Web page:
Driving effectiveness through culture

Manufacturers’ Monthly gains insight from Caterina Enters, the IBP process lead for Laminex Australia, on her role within an Australian manufacturing team and what makes the business a great place to work.

When Caterina Enters joined Laminex Australia as an Integrated Business Planning (IBP) process lead in July 2020, she recognised that the manufacturers’ strong leadership team and great workplace culture was responsible for driving the effectiveness of the team. This was highlighted when Laminex was awarded in the Australian Financial Review’s annual Best Places to Work in 2021 in the Manufacturing and Consumer Goods category.

The great leadership team was partly what attracted Enters to join Laminex following a four-year stint at Fonterra, a renowned dairy manufacturer.

“IBP only works when you’ve got a really good leadership team,” she said. “At Laminex, it was evident right from the start when I spoke to a few people in the business that it was something the leadership team recognised they needed, and they were 100 per cent on board with getting it up and running as quickly as possible.”

Established in Melbourne in 1934, Laminex Australia manufactures high-pressure laminate, compact laminate and wet-area panelling, decorated MDF used for cabinetry doors, raw particleboard and MDF in their various plants across Australia. As a subsidiary of Fletcher Building, the business has expanded over more than 85 years to become one of the largest employers in their domain.

Laminex Australia’s Caterina Enters.

As a senior business process improvement leader with over 15 years of experience across FMCG and industrial sectors, Enters is experienced in connecting operational execution to strategy through implementing the IBP process. In employing her, Laminex invested in a better process to help run the business. This involves implementing a forecast to guide the business’ plans.

“As IBP lead, we look 24 to 36 months forward to what our business plans are looking to be,” she said. “This forecast determines if there are any gaps to the financial targets and also highlights if there is any misalignment to strategy. If we look forward and see that our production capacity is insufficient to meet our sales forecasts in 18 to 24 months’ time, do we have the time to do something about it? Probably. Whereas if we were to see those gaps three to four months ahead of time, we wouldn’t be able to do anything about it.”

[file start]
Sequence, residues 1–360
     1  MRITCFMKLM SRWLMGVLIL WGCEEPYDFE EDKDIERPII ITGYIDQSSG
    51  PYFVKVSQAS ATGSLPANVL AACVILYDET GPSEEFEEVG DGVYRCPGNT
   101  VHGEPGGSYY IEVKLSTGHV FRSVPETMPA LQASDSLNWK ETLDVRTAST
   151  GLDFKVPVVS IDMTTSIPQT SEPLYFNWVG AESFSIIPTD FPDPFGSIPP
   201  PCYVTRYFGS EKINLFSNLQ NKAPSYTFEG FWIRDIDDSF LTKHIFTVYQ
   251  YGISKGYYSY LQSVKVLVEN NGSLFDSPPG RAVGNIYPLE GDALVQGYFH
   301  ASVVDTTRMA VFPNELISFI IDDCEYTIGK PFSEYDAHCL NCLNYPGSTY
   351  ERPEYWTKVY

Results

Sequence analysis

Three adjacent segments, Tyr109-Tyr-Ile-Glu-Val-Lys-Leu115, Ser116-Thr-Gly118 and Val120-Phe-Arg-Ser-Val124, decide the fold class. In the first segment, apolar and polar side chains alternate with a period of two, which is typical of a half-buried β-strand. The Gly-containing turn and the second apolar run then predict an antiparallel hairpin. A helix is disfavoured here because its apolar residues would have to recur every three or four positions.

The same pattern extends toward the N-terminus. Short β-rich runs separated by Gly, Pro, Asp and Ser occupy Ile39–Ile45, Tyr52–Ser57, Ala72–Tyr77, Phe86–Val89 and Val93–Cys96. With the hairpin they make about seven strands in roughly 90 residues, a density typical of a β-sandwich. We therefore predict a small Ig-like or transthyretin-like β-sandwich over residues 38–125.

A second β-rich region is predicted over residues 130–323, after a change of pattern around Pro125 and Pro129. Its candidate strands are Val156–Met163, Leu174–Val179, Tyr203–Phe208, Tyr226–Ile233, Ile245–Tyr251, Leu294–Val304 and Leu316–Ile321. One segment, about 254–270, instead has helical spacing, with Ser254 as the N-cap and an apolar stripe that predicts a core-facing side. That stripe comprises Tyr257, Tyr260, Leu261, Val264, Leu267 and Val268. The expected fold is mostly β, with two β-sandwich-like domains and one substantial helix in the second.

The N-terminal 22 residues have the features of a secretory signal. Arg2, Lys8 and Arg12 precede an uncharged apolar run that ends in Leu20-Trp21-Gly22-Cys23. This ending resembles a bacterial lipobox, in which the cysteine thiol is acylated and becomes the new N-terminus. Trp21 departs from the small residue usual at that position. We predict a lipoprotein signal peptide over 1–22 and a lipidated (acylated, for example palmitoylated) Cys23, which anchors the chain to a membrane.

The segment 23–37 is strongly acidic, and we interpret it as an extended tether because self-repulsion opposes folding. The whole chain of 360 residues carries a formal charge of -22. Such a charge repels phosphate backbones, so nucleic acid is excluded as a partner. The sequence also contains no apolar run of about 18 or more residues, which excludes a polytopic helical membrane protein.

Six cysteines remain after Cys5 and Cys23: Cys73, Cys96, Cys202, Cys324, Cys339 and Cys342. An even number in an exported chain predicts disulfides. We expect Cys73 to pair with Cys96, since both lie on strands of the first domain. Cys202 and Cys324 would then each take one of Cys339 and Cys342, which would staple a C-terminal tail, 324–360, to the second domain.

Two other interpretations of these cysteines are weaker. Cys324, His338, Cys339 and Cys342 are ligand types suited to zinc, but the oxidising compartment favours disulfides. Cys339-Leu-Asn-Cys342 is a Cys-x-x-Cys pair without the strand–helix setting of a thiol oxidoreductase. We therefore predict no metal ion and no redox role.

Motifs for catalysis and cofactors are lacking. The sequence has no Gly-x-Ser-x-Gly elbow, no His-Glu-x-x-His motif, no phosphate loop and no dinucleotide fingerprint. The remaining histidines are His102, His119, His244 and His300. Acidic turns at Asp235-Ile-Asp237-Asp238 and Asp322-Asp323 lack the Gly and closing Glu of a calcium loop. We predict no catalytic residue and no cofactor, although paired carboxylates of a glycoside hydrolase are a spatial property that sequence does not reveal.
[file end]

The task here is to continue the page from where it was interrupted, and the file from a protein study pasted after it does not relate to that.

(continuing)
Laminex has recently focused on projects improving customer experience, particularly on the digital side.

“One of the things I noticed when I started was that the website really wasn’t easy to navigate,” Enters said. “You could see the sort of products that Laminex worked with but I couldn’t really figure out how, or what, I needed to purchase. Also, you didn’t really get an understanding of how many SKUs existed, because there was no product catalogue. I found it difficult to understand how product X differed from product Y.

“There was a big piece of work that was done over the last couple of years to clean up our SKUs and make it a more manageable range, clearly sorted into an ABC categorisation.

Inventory reduction was huge just out of that project itself.”

There is further work being implemented in the supply chain part of the business around improving movement and the network it operates on for better efficiency in projecting the right timeframes to customers. For this, Enters said Laminex is bringing SAP into the picture within 18 months’ time to enhance and consolidate data analysis.

So far, the feedback from customers has been resoundingly positive.

“Our customers are recognising that the changes we’ve made have made life easier for them,” Enters said. “And we’re working on a number of projects that are focused on making step change improvements to customer experience moving forward.”